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The Loose Cannon Scottish Public House isn’t about the food 

Not finding much in the way of Scottish food (hello? Haggis?), Melissa Buote settles in for a night of drinks and atmosphere.

It seems like Argyle Street is finally living up to its name, with the addition of The Loose Cannon Scottish Public House to the row of restaurants flanking the curbside. Heading to the pub, I hope for tams and knickers and maybe a vault full of gold that I could swim around in; I expect at least a brogue-soaked experience that anything the word "Scottish" in its name should have. That's not what I get.

What I do get is a small and pleasant, low-key pub. Dimly lit, steeped in dark wood that is broken up by a sprinkling of Highland inspirations, it's an immediately relaxing space. Big tables loom in every corner and crowd each wall. At first there is no server to be seen, but after a few minutes he wanders by the bar and drops off some menus.

The menu has just a shade over a dozen items. The focus is standard pub fare---steak, hamburgers, club wraps. There's nothing that really screams "Scottish!" on the menu except for a steak and ale pie. Not a single member of the pudden race is present, let alone the great chieftain, haggis. There are some English dishes, like bangers and mash and fish and chips and some Irish-inspired corned beef meals, which is perfectly fine in a pin-the-tail-on-the-donkey kind of way.

Our server really pushes the daily special

---a pitcher of beer and nachos for $15. Not interested, we settle on the fish and chips ($10.99) and the steak and ale pie ($9.99). My friend orders a pint of Guinness, and after striking out a few times in what feels like a wild beer chase (a number of draughts aren't available that night), I order a rye and ginger, which comes back neither watery nor too strong. The Guinness is well-poured.

The food arrives shortly, attractively presented on long, rectangular platters. Both dishes have a heaping pile of hand cut, wedge-style French fries.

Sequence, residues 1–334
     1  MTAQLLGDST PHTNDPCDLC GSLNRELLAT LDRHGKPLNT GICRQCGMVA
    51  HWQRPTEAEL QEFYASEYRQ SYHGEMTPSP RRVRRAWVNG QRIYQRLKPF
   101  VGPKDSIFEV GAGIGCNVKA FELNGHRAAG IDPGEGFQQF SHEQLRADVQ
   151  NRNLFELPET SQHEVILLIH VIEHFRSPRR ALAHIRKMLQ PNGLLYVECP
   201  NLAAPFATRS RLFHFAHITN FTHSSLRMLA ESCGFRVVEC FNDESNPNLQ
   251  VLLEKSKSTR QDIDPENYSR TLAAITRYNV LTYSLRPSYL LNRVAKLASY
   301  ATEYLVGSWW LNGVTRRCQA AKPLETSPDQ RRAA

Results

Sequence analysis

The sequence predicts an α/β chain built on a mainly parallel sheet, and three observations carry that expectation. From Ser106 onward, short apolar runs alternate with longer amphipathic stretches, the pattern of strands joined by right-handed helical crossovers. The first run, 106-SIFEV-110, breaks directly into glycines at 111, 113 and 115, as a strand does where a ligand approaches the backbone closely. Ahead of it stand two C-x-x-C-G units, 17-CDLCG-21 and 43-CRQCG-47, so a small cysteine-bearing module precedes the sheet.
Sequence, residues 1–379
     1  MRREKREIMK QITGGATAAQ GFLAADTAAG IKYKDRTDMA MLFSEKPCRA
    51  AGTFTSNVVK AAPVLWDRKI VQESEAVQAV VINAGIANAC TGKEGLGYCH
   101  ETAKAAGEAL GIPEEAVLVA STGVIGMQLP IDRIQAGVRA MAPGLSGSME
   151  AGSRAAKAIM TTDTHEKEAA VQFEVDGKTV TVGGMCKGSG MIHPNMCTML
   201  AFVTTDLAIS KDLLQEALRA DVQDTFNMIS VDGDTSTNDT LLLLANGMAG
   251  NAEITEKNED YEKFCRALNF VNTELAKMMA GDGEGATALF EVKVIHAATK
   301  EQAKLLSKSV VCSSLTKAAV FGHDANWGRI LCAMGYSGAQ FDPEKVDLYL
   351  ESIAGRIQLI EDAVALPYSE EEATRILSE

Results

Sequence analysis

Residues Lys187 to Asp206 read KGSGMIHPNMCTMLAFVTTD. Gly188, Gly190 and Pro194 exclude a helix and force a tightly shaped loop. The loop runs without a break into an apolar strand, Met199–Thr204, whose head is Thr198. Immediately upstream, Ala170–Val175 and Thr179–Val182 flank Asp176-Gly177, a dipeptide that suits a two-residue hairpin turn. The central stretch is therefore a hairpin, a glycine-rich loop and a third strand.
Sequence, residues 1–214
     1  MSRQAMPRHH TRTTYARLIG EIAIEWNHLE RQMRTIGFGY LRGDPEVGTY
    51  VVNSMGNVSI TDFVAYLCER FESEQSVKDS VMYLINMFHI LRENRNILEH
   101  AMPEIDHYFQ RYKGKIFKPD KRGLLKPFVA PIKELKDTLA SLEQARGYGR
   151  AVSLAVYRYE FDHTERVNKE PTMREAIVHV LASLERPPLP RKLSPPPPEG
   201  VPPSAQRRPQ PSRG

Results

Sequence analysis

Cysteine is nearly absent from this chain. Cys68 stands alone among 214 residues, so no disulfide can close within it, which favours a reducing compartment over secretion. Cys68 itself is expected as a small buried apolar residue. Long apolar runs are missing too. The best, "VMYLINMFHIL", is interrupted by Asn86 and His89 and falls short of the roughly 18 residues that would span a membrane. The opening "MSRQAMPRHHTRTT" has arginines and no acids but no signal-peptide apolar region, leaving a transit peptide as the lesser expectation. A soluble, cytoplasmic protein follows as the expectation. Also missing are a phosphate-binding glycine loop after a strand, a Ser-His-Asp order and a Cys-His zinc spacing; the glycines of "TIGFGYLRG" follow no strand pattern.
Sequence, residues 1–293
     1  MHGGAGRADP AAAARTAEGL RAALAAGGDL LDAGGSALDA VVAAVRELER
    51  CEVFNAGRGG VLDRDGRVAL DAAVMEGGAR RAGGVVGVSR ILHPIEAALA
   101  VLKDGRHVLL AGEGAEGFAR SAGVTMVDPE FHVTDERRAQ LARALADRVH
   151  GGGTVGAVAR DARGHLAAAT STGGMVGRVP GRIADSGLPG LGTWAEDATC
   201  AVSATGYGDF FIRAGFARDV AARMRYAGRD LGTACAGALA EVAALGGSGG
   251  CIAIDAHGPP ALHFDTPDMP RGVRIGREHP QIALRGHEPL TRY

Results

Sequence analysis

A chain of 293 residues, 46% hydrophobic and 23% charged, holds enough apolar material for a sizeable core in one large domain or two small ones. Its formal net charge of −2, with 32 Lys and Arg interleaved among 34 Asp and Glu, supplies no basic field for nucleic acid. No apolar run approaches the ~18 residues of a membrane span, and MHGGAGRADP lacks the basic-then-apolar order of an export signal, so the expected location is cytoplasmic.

The steak and ale pie is served in a round, carved-out loaf of bread. The menu said it was served in a warm pastry, so I am immediately disappointed, having expected a freshy cooked pastry pie. The stew itself is under-seasoned and over-simmered. The steak is tough and bland, and all of the vegetables are on the brink of disintegration in the thick, starchy broth.

Hard to distinguish in the dusky light of the bar, the fries are inconsistent, with some offering a brown crispiness and others edging over the line between well-browned and burnt. The fries that accompany the fish have teetered over that thin black line.

In the form of big pieces of beer-battered haddock, the fish is average, no better or worse than your bog-average crispy fried fish. The homemade tartar sauce is unfortunately bland, with only a hint of dill, and no acidity to cut through the fat and offer the delicious tang you hope for. Thankfully there is a big, fresh lemon wedge on the side. Tang achieved!

Even though the food is only OK, we aren't disappointed by our trip to The Loose Cannon. We spend two hours chatting over drinks and enjoying the unobtrusive atmosphere. Our server only interrupts to clear our dishes and offer fresh drinks, leaving us to enjoy the evening.

Food just doesn't seem like the point at The Loose Cannon. With a huge menu of scotch and whiskey and an extensive list of domestic and imported beers, it has a grab-a-pint-after-work feel that's easy to relax in and even easier to forgive for its failings. It's not really Scottish, but it's not crap, either: it just is what it is.

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